Calmodulin (CaM) is a ubiquitous, calcium-binding protein. CaM is expressed in many cell types and can have different subcellular locations, including the cytoplasm, within organelles, or associated with the plasma or organelle membranes. Many of the proteins that CaM binds are unable to bind calcium themselves, and as such use CaM as a calcium sensor and signal transducer. CaM can also make use of the calcium stores in the endoplasmic reticulum, and the sarcoplasmic reticulum. CaM undergoes a conformational change upon binding to calcium, which enables it to bind to specific proteins for a specific response.
Synonyms: CALM; CAM
Purity: >=95% (SDS-PAGE)
Application: Calmodulin from bovine brain has been used to study calmodulin-associated endothelium-derived relaxing factor/nitric oxide synthase activity in the particulate and cytosolic fractions of bovine aortic endothelial cells. It has also been used as a standard in size-exclusion chromatography.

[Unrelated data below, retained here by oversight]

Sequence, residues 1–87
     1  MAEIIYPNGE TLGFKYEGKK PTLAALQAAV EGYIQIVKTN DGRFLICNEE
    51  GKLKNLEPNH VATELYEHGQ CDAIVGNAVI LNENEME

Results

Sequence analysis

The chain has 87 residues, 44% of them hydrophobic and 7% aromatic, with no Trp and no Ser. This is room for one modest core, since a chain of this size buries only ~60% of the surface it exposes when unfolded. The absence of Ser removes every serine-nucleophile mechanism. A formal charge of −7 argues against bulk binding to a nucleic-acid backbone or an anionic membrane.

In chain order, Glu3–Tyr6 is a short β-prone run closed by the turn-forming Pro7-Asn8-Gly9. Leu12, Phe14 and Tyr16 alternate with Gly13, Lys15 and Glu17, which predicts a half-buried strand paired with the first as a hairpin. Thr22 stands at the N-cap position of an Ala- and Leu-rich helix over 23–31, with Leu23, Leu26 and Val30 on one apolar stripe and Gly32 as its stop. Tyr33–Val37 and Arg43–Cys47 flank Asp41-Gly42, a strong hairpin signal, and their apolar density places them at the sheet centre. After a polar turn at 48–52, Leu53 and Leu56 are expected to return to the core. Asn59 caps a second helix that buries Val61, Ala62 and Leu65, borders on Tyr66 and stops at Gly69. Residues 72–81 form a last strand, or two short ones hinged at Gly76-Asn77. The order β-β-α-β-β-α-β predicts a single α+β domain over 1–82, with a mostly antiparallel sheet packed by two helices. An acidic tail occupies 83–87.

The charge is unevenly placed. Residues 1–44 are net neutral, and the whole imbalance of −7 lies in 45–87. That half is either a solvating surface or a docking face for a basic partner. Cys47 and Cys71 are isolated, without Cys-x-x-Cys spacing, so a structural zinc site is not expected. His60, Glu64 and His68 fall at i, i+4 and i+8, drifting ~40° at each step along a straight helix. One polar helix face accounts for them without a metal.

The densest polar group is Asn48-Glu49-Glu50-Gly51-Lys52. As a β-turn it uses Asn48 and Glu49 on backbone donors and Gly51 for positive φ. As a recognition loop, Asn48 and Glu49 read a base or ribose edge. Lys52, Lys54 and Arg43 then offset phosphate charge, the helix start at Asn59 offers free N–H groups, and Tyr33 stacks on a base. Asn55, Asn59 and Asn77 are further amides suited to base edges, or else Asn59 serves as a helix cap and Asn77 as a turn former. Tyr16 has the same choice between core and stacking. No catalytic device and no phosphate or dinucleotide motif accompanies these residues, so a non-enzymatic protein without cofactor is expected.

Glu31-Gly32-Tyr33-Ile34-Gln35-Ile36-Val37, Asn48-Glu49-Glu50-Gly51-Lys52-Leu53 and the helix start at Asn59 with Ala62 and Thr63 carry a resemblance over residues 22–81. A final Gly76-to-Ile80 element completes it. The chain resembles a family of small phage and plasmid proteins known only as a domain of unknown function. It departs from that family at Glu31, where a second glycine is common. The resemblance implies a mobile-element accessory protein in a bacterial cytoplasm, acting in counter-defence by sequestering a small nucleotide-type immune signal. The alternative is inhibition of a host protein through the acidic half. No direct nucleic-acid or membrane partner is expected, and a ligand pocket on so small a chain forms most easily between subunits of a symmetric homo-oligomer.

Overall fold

Biochem Physiol Actions: Calmodulin (CaM) can bind to and regulate a multitude of different protein targets, thereby affecting many different cellular functions. It is involved in inflammation, metabolism, apoptosis, muscle contraction, intracellular movement, short-term and long-term memory, nerve growth and the immune response. CaM can bind up to four calcium ions, and can undergo post-translational modifications, such as phosphorylation, acetylation, methylation and proteolytic cleavage, each of which can potentially modulate its actions.